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Philipp Franz Balthasar von Siebold (February 17, 1796 in W├╝rzburgmarker - October 18, 1866 in Munichmarker) was a German physician. He emerged as the first European to teach Western medicine in Japanmarker. He obtained significance for his study of Japanese flora and fauna that were endemic to the unique biotic island landscape.


Early life

Born in, W├╝rzburgmarker city, Bishopric of W├╝rzburgmarker into a family of doctors and professors of medicine, von Siebold initially studied medicine at University of W├╝rzburgmarker from November 1815. One of his professors was Franz Xaver Heller (1775-1840), author of the Flora Wirceburgensis (flora of the Grand Duchy of W├╝rzburg, 1810-1811). Ignaz D├Âllinger (1770-1841), his professor of anatomy and physiology, however, most influenced him. D├Âllinger was one of the first professors to understand and treat medicine as a natural science. Von Siebold stayed at Dollinger's, where he came in regular contact with other scientists. He read the books of Alexander von Humboldt, a famous naturalist and explorer, which likely raised his desire for travels to far-away, distant lands. Philipp von Siebold became a Doctor by earning his M.D. in 1820. He initially practiced medicine in Heidingsfeld, Germany (now part of W├╝rzburg).

Invited to Holland by an acquaintance of the family, von Siebold applied for a position as a military doctor. This position would enable him to travel to the Dutch colonies. He entered Dutch military service on June 19, 1822. He was appointed ship's doctor on the frigate Adriana on the voyage from Rotterdammarker to Batavia (present-day Djakartamarker) in the Dutch East Indiesmarker (present-day Indonesia). On his trip to Batavia on the frigate Adriana, he practiced his knowledge of the Dutch language and rapidly learned Malay. During the long trip, von Siebold started a collection of sea fauna. He arrived in Batavia on February 18, 1823.

As an army medical officer, von Siebold posted with an artillery unit. He stayed, however, a couple of weeks at the residence of the governor-general to recover from illness. With his erudition, he impressed the governor-general baron Van der Capellen and the head of the botanical garden Buitenzorg Caspar Georg Carl Reinwardt. Already, these men witnessed a second Engelbert Kaempfer and Carl Peter Thunberg (author of Flora Japonica), both former resident physicians at Deshima. The Batavian Academy of Arts and Science made von Siebold a member.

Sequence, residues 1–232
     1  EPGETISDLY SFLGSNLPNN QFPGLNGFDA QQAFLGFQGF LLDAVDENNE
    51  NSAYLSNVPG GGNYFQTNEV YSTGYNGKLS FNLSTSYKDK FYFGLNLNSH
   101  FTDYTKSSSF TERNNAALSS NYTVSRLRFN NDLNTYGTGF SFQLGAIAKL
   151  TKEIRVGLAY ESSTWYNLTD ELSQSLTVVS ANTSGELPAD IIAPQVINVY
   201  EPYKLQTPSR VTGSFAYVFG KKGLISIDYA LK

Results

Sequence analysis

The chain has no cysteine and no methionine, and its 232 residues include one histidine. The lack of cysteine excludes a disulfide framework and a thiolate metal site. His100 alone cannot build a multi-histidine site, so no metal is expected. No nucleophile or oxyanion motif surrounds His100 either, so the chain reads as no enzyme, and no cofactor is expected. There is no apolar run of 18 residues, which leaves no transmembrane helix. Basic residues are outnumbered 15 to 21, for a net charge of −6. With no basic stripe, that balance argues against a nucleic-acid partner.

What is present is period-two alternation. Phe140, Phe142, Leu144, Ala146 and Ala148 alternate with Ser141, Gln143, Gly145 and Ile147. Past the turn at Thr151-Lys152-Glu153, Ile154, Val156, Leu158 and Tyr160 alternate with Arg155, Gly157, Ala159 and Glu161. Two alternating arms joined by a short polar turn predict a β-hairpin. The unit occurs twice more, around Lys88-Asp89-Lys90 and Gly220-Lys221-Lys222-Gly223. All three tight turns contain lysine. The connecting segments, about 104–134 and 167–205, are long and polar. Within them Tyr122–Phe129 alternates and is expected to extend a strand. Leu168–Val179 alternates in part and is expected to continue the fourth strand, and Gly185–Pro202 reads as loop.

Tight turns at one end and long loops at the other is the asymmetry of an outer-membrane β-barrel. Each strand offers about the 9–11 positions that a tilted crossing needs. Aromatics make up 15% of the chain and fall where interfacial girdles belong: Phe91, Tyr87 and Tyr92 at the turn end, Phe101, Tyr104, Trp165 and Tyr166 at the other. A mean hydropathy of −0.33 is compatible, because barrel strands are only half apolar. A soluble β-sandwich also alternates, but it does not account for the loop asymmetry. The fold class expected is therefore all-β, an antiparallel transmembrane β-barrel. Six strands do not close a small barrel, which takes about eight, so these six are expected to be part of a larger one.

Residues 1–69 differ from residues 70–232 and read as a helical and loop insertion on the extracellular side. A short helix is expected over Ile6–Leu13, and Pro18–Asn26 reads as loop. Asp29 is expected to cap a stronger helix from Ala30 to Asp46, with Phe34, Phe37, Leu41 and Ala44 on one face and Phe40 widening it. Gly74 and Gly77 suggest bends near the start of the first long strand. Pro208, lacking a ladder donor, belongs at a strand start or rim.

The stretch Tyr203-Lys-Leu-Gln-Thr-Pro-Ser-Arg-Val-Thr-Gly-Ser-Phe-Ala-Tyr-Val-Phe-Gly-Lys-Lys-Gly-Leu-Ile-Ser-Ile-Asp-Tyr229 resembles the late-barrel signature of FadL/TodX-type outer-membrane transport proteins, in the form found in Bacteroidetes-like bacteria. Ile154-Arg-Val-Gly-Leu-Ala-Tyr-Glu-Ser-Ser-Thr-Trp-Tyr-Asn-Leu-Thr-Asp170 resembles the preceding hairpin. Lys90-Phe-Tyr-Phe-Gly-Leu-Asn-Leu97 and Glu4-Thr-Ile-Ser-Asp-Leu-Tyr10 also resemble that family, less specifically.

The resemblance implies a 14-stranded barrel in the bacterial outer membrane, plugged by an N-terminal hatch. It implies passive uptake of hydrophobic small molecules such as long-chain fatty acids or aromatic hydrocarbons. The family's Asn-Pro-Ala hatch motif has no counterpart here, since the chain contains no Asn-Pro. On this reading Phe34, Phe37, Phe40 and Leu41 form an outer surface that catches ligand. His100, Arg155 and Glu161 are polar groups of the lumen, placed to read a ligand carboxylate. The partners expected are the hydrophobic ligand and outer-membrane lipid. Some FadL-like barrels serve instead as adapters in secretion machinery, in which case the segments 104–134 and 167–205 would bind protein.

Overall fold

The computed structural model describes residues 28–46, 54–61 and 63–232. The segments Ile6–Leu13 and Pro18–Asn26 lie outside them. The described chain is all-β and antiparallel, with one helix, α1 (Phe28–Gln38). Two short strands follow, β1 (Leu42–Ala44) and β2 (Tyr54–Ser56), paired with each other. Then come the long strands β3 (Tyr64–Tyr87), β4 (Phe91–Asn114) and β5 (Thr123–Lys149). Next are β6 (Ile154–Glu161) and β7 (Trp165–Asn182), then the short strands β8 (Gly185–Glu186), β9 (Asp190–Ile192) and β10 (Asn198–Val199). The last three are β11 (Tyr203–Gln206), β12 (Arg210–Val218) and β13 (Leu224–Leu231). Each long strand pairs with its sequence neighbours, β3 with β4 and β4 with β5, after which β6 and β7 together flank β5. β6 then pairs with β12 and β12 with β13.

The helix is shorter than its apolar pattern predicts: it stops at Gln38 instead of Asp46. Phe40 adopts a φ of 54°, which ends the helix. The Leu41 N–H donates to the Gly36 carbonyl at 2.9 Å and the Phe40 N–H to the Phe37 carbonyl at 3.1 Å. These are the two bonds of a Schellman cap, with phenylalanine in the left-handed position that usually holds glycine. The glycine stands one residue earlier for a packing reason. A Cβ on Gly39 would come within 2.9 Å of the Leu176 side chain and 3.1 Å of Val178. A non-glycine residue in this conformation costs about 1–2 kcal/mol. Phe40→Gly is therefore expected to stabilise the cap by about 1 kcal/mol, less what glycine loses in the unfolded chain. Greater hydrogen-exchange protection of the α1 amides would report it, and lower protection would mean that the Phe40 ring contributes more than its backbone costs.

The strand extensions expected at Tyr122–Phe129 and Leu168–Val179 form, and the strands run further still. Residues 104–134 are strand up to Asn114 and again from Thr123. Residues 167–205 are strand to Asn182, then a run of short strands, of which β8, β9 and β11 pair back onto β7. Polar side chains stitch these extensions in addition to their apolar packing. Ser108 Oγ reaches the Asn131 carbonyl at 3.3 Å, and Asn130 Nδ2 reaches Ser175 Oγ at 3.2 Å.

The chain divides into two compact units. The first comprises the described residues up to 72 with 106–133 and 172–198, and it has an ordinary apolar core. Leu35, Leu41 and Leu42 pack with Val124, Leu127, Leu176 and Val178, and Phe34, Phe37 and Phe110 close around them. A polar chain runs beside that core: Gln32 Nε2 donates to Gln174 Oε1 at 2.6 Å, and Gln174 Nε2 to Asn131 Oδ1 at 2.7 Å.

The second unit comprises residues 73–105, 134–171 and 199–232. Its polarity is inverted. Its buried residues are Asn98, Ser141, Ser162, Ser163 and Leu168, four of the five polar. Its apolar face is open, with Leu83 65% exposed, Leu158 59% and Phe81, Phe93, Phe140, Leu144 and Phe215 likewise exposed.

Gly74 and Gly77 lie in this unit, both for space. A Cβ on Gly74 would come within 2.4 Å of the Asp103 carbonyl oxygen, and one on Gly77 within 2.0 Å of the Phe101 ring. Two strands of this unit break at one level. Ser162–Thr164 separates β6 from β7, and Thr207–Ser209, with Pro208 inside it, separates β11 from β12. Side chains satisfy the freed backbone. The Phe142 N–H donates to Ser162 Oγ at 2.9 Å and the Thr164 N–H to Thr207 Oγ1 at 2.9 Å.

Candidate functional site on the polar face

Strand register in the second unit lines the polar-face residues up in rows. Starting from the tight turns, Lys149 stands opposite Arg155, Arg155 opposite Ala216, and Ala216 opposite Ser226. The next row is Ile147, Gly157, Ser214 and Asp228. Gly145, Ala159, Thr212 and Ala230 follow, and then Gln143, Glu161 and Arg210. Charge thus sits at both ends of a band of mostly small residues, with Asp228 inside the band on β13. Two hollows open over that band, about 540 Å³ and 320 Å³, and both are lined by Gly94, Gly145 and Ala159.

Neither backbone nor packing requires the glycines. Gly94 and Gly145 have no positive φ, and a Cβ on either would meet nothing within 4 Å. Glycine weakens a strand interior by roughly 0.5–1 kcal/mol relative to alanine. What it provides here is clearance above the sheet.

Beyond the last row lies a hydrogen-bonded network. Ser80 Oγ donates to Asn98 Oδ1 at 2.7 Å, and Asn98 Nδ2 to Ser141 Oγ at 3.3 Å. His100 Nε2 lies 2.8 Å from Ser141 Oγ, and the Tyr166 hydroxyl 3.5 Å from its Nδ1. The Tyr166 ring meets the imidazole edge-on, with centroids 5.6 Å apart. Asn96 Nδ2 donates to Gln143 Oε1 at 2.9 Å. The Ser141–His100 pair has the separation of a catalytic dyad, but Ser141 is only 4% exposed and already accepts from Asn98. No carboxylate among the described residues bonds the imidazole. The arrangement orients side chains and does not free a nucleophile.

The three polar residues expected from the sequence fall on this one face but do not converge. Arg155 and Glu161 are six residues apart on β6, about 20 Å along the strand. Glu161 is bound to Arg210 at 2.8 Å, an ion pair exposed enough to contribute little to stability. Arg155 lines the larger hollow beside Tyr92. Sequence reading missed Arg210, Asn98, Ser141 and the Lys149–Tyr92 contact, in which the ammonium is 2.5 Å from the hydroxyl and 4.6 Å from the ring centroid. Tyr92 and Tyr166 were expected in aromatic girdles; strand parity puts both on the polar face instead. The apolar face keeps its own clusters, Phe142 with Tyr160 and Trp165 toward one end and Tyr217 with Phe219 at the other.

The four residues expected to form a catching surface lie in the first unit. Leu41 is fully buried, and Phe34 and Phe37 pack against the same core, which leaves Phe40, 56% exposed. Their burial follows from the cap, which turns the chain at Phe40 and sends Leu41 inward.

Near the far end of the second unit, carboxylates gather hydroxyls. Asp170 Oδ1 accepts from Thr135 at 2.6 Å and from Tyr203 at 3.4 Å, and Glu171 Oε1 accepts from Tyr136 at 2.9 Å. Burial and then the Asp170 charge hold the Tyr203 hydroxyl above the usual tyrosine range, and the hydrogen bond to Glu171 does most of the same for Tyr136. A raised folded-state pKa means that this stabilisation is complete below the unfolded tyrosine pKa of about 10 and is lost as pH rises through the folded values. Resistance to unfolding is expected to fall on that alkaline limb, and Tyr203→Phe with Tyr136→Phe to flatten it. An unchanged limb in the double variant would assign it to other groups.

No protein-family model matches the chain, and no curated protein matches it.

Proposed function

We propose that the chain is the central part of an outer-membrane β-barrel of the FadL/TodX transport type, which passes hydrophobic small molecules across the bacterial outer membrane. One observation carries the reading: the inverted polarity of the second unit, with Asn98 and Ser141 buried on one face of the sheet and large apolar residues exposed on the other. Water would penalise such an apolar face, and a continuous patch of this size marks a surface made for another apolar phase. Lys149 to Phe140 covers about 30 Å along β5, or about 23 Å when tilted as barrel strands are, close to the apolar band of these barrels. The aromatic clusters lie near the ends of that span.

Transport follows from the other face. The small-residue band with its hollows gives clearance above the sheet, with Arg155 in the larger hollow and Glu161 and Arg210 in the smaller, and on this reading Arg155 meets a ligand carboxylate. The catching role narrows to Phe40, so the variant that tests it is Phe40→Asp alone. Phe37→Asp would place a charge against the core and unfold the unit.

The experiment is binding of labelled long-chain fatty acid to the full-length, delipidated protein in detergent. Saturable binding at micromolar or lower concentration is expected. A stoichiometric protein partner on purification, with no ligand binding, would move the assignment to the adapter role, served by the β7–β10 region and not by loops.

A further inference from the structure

Portrait and residence of Dr. PH.
Von Siebold at Narutaki, Nagasaki
Siebold Nagasaki Park, Nagasaki
Sent to Dejimamarker, the artificial island next to Nagasaki, in June 28, 1823, von Siebold arrived August 11, 1823 as the new resident physician and scientist to the island. During his eventful trip he barely escaped drowning during a typhoon in the East China Seamarker. Since only a very limited number of Dutch citizens were allowed on this island, the posts of physician and scientist had to be combined. At that time, Deshima was no longer in the possession of the Dutch East Indian Company but was kept running by the Dutch State, because of political reasons.

Von Siebold invited Japanese scientists to show them the marvels of western science, learning in return through them much about the Japanese and their customs. After curing a local influential officer, von Siebold gained the ability to leave the trade post. He used this opportunity to treat Japanese patients in the greater area around the trade post.

Since mixed marriages were forbidden, von Siebold "lived together" with his Japanese partner Kusumoto Taki (ŠąáŠťČŠ╗Ł). In 1827 Kusumoto Taki gave birth to their daughter, Oine. Von Siebold used to call his wife "Otakusa" and named a Hydrangea after her. As a result of her father's efforts, Oine eventually became the first Japanese woman known to have received a physician's training, and became a highly-regarded practicing physician. She died in 1903.